to build computing systems that are the most complex constructions ever created by man.Today’s programs may consist of many millions of lines of code, and run on verysophisticated desktop processors. These small systems with millions of transistors in theirmicroprocessor controllers execute instructions at several million instructions per second,exceeding the capacity of multimillion-dollar supercomputers from only a few years ago.Individual computers are connected to the global Internet, with millions of communicating systems and even more millions of individual users. And yet, thisemerging computational technology, connectivity, and capability is still in its early years,and still growing rapidly. While there is speculation that we will soon reach the physicallimits of growth on the hardware level, architectural advances within and betweensystems promise to sustain the growth for the foreseeable future.With this explosive growth of technology, it is vital that we locate a sound andcomplete theoretical foundation to guide its development and application. This is theliability of current computing technology. The entire field of computer science is still inits infancy, and is attempting to define its theoretical foundations, and create from themappropriate and effective methodologies for its application areas in the computingtechnologies.This paper begins with an overview of the nature and components of the discipline of computer science, which presents the fundamental concepts and issues of the discipline.Then these same principles are revisited in the broader context of the Science of CreativeIntelligence
and Maharishi Vedic Science
. The impact of this expanded scope on themethods and limitations of traditional computer science is examined, and a vision of thefuture of computing presented.
The Science of Computation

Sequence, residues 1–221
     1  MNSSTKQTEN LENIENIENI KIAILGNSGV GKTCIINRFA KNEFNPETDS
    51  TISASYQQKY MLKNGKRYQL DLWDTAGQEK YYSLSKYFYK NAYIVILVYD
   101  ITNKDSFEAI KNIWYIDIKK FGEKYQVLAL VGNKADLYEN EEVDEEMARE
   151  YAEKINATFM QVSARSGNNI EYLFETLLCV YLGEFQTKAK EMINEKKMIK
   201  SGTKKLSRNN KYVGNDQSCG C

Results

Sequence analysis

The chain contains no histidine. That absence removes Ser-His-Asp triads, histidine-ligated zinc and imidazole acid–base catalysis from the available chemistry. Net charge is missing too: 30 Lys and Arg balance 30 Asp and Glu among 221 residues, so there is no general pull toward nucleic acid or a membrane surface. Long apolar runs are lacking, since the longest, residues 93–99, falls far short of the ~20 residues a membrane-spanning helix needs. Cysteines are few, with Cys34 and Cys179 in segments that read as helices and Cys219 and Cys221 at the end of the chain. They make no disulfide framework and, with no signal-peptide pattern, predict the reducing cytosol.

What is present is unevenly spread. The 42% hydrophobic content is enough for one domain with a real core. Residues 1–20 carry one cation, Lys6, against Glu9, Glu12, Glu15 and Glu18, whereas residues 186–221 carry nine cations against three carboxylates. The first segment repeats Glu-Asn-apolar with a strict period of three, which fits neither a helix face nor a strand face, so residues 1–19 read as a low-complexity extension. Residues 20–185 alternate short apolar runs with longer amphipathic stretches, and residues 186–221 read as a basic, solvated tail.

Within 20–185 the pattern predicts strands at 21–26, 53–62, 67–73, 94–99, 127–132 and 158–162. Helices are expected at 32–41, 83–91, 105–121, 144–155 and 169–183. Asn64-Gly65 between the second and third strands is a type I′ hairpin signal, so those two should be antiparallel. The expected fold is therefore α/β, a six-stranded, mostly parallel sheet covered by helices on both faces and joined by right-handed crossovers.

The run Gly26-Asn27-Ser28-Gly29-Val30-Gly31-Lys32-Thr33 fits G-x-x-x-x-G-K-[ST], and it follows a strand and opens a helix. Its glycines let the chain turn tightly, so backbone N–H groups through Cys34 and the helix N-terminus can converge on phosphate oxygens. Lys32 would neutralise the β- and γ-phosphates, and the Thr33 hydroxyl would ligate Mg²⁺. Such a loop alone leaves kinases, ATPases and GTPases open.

Computer science is a relatively new field, and in its formation has combined aspectsof existing disciplines and given rise to new areas of study. The history of computerscience is an interesting interplay and, finally, merger of the disparate fields of theoreticalmathematics and applied electronics. Theoretical mathematicians were interested in thedescriptive power of mathematics, and investigating the limits of such mathematicalmodels. Electronic engineers were simultaneously seeking to discover smaller, faster, andcheaper electronic devices. These explorations converged when it was realized that thediscrete states of mathematical logic could be easily represented as the binary modes of an electronic switch. From this basic connection, and the resulting empowerment of bothfields, the synergy and success of this combination has created new areas of specialization within the existing disciplines, and completely new areas of study. There issome latitude in the terminology of the related and sub-disciplines of computer science,so an overview is given here.Computer science studies the structures, dynamics, and methods of representinginformation, and the limits and extents of these structures to model aspects of natural law.It attempts to discover, describe, and create methods which apply this knowledge tocreate computational models of the real world. These models can be purely symbolic,similar to the symbolic descriptions of nature created in physics or mathematics, or theycan be embodied in physical structures, to create computing machines. Computing